About High Availability

Historian supports high availability of the Historian server, archive files and configuration files. To facilitate this support, Historian uses Microsoft Cluster Server (MSCS) as well as an automated backup strategy. High availability decreases the likelihood of archive file corruption due to software or hardware failures. Implementing high availability ensures that collection of your data remains uninterrupted.

How it Works

If the primary Historian server fails due to software or hardware issues, MSCS replaces it with another Historian server. In addition, through the use of automated backups to a shared location, at least one known good Historian archive is maintained at all times. Older archives are replaced once per hour only if there is a more recent archive in place.

To provide high availability of Historian server for Client Manager, Configuration Manager, and Diagnostic Manager components of the distributed Historian service using Microsoft Failover Cluster Service, you must configure them as generic services in Failover Cluster. For information, refer to Microsoft documentation.

High availability is achieved by following these steps:
  1. Every 5 seconds, MSCS monitors the health of all services and applications it is managing by performing a quick check of whether each service is in a running state.
  2. Every 60 seconds, MSCS performs a more thorough test of the applications' health.
  3. Server high availability logs are added to the server and queried.
  4. If these steps fail, Historian assumes the server is no longer running, which causes the cluster to initiate failover of the application.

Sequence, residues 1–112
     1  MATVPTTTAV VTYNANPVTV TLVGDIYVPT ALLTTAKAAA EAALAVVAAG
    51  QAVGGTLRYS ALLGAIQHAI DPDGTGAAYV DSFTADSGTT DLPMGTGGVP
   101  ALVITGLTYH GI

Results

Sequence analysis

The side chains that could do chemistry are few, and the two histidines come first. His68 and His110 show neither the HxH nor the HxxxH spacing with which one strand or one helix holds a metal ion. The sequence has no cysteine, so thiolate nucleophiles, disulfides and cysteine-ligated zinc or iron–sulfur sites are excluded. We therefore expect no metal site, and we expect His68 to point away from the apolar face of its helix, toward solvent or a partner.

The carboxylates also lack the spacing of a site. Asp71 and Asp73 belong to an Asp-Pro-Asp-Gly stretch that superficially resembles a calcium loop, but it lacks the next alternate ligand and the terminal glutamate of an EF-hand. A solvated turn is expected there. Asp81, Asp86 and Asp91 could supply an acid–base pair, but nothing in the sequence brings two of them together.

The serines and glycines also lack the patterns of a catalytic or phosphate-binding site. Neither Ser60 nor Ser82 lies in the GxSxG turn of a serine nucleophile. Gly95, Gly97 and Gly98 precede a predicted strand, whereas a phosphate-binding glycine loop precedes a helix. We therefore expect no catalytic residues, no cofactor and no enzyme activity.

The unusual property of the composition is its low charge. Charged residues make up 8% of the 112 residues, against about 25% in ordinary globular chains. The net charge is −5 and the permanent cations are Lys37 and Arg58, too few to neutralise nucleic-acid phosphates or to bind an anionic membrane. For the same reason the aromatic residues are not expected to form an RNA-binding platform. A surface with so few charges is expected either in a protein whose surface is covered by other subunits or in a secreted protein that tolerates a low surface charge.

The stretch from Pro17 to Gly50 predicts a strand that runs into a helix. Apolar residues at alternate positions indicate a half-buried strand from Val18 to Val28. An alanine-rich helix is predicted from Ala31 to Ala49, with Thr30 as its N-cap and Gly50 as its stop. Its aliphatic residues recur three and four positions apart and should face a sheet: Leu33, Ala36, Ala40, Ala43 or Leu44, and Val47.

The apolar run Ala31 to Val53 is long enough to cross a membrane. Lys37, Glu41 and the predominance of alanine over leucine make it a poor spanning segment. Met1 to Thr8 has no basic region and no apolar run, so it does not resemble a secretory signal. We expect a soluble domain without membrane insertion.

Note: By default, MSCS monitors the health of all the services and applications every 5 seconds and 60 seconds. You can change this frequency using the cluster administator.

For most failures, the cluster will detect a problem within 5 seconds of an application or service becoming unresponsive. In the case of a server hang, where the server process is still running but is otherwise unresponsive, it may take as many as 60 seconds to detect. The time to switch to another Historian server includes the time required for the cluster to re-start the Historian server. Server start-up time depends on the size and number of online archives.


  • Only a single Historian resource instance is supported per cluster.
  • The Historian installation automatically registers Historian and AlarmArchiver resources with MSCS.
  • Configuring an AlarmArchiver resource on MSCS requires a dependency on a Historian resource.
  • Running collectors on a cluster is not recommended, as they are not supported on the cluster server. Therefore, failover cannot be performed if a cluster node goes offline. Historian offers a separate collector high availability feature.

High Availability of Archive and Configuration Files

Historian supports high availability of the latest archive (.iha) and configuration (.ihc) files. A copy of the latest .iha and .ihc file is created once every hour. If the latest archive files become corrupt, Historian will restore the files.

The following conditions apply when using this feature:
  • Archive files are backed up only for tag data, not for alarms and events data.
  • When using a cluster, this feature is automatically enabled; you cannot disable it.
  • By default, this feature is disabled on a 64-bit Windows operating system.
  • When you enable this feature, backup of all the current archive files is created. This will increase your storage overhead to twice that of the current archive. Therefore, for better performance, we recommend that you do not use this feature for a large-scale system.